Basics of Understanding EDS
There are three underlying issues to understand about Ehlers Danlos Syndrome (EDS). It’s important to understand each of these to better manage EDS.
- The tissue that connects different parts of the body is called Connective Tissue. Tendons, ligaments, capsules around joints, skin are all examples of connective tissue. In EDS, this connective tissue is relatively weak; it can be stretched easily. Anything that gets stretched too much, may stay stretched (hence avoid dislocating or over stretching joints, avoid ‘party tricks’). If this connective tissue breaks, it repairs with scar tissue made up of the same connective tissue but weaker. This explains why scars in EDS are paper thin. It also explains why surgery for joints is not a good idea because the repaired joint heals with even weaker scar tissue.
- Loss of joint position sense. Our body has sensors (called receptors) in joints, tendons, muscles, ligaments, skin that continuously update the brain (‘Central Command Center’) as to the exact position of the joint. Joint position sense is also called Proprioception. Once the brain gets inputs from the joints and the rest of the body, it sends signals to other parts to act accordingly. For example, when we walk, the brain can coordinate our steps, maintain balance and prevent us from hyper-extending or over stretching our joints.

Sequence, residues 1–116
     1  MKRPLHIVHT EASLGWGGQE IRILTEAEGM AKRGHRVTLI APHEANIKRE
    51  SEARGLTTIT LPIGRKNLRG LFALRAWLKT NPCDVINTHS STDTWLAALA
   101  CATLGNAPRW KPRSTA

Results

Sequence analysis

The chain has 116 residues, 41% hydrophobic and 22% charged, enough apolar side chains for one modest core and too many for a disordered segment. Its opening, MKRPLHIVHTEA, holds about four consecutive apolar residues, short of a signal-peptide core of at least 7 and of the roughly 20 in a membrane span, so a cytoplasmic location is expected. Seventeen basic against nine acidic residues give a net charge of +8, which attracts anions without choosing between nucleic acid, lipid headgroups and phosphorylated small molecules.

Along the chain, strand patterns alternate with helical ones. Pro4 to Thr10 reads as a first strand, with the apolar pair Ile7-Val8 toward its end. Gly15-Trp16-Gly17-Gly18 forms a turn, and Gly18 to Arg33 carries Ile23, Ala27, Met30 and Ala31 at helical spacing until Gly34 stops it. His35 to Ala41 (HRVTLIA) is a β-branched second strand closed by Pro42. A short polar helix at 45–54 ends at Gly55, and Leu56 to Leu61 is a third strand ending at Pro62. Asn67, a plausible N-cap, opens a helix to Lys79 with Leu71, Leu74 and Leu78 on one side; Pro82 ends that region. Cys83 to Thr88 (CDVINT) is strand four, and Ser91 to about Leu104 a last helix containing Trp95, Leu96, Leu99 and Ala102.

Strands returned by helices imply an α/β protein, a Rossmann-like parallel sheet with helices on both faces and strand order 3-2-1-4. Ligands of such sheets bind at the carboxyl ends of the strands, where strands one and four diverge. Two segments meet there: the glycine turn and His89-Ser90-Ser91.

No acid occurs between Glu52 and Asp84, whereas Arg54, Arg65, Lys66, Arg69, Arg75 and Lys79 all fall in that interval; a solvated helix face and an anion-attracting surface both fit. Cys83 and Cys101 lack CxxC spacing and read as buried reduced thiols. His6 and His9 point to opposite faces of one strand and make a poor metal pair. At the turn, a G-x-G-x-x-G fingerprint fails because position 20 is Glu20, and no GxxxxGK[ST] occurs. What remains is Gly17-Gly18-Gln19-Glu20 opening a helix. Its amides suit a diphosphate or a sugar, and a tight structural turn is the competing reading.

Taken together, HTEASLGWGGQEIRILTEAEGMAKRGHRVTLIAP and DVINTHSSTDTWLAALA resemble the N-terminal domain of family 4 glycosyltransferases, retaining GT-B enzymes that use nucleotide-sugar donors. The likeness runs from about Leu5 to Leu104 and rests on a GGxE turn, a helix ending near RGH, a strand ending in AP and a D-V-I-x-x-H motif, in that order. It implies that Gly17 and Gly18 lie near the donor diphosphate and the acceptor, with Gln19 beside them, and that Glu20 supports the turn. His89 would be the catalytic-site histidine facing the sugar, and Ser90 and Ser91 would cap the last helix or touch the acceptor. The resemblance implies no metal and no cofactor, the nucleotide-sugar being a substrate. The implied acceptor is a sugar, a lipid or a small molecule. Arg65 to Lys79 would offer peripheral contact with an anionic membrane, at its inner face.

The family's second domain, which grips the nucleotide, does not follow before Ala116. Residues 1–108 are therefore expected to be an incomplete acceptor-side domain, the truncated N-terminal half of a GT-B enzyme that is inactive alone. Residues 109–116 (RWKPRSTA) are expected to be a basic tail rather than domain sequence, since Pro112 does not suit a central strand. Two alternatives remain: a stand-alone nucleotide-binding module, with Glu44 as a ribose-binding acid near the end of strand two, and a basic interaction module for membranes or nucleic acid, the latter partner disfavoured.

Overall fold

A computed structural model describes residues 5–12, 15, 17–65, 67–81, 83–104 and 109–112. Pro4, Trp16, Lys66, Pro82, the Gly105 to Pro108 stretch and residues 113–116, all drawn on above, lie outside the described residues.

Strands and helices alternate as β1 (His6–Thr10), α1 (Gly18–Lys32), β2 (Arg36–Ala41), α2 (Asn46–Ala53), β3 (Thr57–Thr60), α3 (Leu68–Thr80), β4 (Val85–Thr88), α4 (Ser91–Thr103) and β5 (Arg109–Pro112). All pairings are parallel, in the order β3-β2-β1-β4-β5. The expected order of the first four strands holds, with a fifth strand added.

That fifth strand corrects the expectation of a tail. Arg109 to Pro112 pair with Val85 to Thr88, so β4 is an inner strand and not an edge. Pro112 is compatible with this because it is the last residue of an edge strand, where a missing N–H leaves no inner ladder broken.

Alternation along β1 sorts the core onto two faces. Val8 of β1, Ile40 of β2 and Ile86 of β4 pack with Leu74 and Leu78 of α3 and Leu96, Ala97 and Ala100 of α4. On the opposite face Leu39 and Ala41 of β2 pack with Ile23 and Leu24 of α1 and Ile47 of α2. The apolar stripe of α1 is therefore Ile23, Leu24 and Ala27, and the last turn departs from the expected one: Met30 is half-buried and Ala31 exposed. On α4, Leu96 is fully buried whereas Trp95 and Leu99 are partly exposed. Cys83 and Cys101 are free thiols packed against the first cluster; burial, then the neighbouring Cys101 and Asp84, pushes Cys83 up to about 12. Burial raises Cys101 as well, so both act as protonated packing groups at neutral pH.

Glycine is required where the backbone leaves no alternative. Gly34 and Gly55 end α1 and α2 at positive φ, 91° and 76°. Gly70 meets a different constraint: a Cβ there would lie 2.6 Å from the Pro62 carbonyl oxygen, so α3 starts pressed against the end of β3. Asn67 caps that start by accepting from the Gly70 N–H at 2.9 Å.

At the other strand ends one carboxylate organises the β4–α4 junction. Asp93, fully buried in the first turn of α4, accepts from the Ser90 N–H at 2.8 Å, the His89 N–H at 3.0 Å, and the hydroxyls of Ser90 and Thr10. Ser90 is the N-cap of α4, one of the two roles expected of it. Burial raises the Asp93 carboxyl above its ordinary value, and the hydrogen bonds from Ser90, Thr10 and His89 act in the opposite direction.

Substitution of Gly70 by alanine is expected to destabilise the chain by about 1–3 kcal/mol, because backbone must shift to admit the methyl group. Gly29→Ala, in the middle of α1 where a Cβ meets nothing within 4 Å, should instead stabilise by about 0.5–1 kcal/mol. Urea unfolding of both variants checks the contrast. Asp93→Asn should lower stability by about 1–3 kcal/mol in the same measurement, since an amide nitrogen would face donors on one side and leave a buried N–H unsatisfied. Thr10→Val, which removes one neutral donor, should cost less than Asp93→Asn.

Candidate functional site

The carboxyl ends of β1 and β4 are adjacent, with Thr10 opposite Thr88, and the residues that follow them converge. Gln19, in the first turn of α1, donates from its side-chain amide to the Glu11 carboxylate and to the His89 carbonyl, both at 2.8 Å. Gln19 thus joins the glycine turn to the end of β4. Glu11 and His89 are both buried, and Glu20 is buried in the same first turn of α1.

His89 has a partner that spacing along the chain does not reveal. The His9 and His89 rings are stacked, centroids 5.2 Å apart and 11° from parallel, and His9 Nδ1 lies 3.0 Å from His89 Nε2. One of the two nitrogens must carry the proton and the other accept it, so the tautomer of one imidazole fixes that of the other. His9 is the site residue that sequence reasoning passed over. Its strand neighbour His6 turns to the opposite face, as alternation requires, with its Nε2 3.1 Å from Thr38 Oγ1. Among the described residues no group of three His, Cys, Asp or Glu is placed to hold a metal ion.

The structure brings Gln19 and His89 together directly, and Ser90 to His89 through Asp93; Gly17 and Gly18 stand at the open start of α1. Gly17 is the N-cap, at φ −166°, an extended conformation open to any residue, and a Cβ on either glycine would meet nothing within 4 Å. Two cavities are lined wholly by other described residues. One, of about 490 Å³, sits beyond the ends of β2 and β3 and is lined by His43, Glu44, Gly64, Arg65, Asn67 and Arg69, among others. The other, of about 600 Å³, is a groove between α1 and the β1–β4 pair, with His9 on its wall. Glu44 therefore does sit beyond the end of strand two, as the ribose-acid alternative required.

People with EDS tend to have weak joint position sense (proprioception). It is probably because of the constant damage to the joints over time. This loss of joint position sense makes people klutzy, poorly coordinated. They tend to bump in doorways, bump into furniture, drop things often. Having poor proprioception also makes them more prone to joint injuries. Poor proprioception is also seen in toddlers as they first learn how to walk. Their proprioception has not entirely developed as yet. Athletes, elderly and after joint surgery, people lose proprioception because of joint damage. Yet, another argument against joint surgery in EDS.
- People with EDS are prone to developing co-existing conditions. Physicians are not sure why this is common in EDS. The co-existing conditions are: Dysautonomia, Postural Orthostatic Tachycardia Syndrome (POTS), Mast Cell Activation Syndrome (MCAS), Chiari Malformation, Tethered Cord Syndrome. Managing pain and loss of function in EDS means managing the family of conditions that come with it.
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